The Quarrel of Oberon and Titania is an oil on canvas painting by the Scottish artist Sir Joseph Noel PatonScottish artist, antiquary, poet and sculptor. Painted in 1849, it depicts the scene from William Shakespeare’s comedy play A Midsummer Night’s Dream, when the fairy queen Titania and fairy king Oberon quarrel; Oberon was considered the King of the fairies in medieval and Renaissance literature. When exhibited in Edinburgh during 1850, it was declared the “painting of the season”.
The painting was acquired by the National Galleries of Scotland in 1897, having initially been bought by the Royal Association for Promoting the Fine Arts in Scotland during 1850. An earlier version of this painting was Paton’s diploma picture, which was submitted to the Royal Scottish Academy in 1846; they paid £700 for it.
The overall dimensions of the oil on canvas painting are 99 by 152 centimetres (39 by 60 in). Based on William Shakespeare’s comedy play A Midsummer Night’s Dream, it depicts a scene in which the fairy queen Titania and fairy king Oberon quarrel with each other. Oberon was considered the King of the fairies in medieval and Renaissance literature. The scene depicts Act II, scene i, put into an enchanting imaginary landscape when Oberon is arguing with Titania, just as nightfall descends. The setting is the couple’s woodland home outside Athens and they are surrounded by a group of fairies. According to Lewis Carroll, the author of Alice’s Adventures in Wonderland, 165 fairies are in the painting. The subject of the couple’s argument is the changeling boy, who is hiding behind Titania. A lily pond is at the front of the painting and the woodland setting is made up of leaves, flowers and aged twisted trees. Titania’s head is encircled by a group of fairies forming a bright crown of light. A statue of Pan with a set of pipes is placed to the right of the picture with several couples in a state of undress positioned beneath it. Goblins mingle with elves and imps that all cavort among the nude fairies; some other little, ugly figures are scattered throughout together with moths, beetles, spiders and snails.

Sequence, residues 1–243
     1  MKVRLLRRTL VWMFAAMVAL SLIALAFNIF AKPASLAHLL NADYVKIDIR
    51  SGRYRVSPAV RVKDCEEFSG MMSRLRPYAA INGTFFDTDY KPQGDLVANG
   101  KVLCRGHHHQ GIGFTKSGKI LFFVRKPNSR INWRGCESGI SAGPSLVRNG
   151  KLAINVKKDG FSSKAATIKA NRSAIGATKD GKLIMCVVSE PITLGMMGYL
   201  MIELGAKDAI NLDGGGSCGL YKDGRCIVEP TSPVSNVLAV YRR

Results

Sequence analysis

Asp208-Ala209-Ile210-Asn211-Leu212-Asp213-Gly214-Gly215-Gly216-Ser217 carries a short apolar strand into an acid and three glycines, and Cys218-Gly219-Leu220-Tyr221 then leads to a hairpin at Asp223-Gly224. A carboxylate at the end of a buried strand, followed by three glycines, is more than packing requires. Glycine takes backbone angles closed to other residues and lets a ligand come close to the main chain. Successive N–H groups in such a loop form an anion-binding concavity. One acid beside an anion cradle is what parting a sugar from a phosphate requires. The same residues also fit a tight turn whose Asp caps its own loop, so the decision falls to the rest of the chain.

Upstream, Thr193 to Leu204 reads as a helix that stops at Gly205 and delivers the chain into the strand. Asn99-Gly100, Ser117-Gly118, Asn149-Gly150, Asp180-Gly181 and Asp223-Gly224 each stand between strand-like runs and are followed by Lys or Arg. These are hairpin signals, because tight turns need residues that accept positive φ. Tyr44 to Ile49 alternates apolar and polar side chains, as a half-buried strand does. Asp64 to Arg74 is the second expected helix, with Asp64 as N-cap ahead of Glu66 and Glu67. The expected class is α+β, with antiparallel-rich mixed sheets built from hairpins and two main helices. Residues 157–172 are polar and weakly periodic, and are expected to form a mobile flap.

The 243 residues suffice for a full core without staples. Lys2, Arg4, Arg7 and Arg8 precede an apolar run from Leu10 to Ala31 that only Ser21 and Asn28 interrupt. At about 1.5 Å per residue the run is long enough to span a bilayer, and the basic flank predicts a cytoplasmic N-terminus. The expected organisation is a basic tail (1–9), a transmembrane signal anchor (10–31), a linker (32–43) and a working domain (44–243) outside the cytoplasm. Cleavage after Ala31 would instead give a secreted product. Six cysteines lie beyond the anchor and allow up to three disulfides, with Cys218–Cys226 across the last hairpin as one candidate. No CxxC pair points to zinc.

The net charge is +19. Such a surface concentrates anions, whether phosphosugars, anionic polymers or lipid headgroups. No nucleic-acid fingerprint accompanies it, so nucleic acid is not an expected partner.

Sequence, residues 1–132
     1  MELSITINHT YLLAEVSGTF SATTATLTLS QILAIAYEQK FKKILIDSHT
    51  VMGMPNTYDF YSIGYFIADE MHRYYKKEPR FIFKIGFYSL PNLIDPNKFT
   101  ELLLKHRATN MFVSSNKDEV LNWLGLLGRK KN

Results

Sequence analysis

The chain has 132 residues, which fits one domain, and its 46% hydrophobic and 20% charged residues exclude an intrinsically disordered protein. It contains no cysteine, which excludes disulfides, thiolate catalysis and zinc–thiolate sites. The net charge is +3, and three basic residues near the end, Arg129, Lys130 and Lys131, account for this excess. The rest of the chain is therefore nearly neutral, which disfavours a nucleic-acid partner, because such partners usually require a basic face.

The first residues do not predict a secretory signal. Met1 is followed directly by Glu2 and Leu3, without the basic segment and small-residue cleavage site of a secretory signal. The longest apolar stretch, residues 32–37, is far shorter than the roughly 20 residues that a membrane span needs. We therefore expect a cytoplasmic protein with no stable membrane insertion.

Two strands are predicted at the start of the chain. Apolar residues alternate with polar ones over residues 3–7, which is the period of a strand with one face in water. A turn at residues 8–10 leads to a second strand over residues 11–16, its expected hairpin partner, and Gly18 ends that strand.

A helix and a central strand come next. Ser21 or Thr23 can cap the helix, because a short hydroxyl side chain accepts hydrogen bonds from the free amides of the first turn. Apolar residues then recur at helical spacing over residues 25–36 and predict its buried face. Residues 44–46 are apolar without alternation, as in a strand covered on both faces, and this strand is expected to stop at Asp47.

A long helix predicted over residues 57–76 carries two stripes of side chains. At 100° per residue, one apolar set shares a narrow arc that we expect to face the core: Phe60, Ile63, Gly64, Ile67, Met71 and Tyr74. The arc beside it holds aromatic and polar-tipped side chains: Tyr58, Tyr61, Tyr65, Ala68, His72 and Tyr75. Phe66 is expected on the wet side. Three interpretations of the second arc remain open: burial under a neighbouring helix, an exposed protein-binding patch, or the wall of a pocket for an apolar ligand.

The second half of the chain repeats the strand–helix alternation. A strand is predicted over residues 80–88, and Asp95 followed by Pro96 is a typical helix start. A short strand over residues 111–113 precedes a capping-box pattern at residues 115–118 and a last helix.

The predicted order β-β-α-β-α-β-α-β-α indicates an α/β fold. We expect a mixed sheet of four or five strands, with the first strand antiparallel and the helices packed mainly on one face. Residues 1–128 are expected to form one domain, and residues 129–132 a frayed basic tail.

Paton’s earlier work in 1847, The Reconciliation of Oberon and Titania, was considered by Paton to be “related yet self-contained”.
Exhibitions and provenance
First exhibited at the Royal Scottish Academy in 1850, where it was declared to be the “painting of the season”, the picture was purchased by the Royal Association for Promoting the Fine Arts in Scotland that same year. The Quarrel was later displayed at the Paris Exhibition in 1855, being listed as “Representative of British Art”. It passed to the ownership of the National Galleries of Scotland in 1897. An earlier study of this painting was completed in 1846 and featured as Paton’s diploma picture at the Royal Scottish Academy that year. The academy purchased the earlier work for £700.
According to Richard Schindler, Associate Professor of Art at Allegheny College, the piece bears influences from the works of Henry Fuseli, an opinion shared by Carole Silver, a professor with a particular interest in the 19th-century fascination with fairies. Christopher Wood, an expert in Victorian art, described Paton’s work as being “some of the most remarkable fairy pictures”.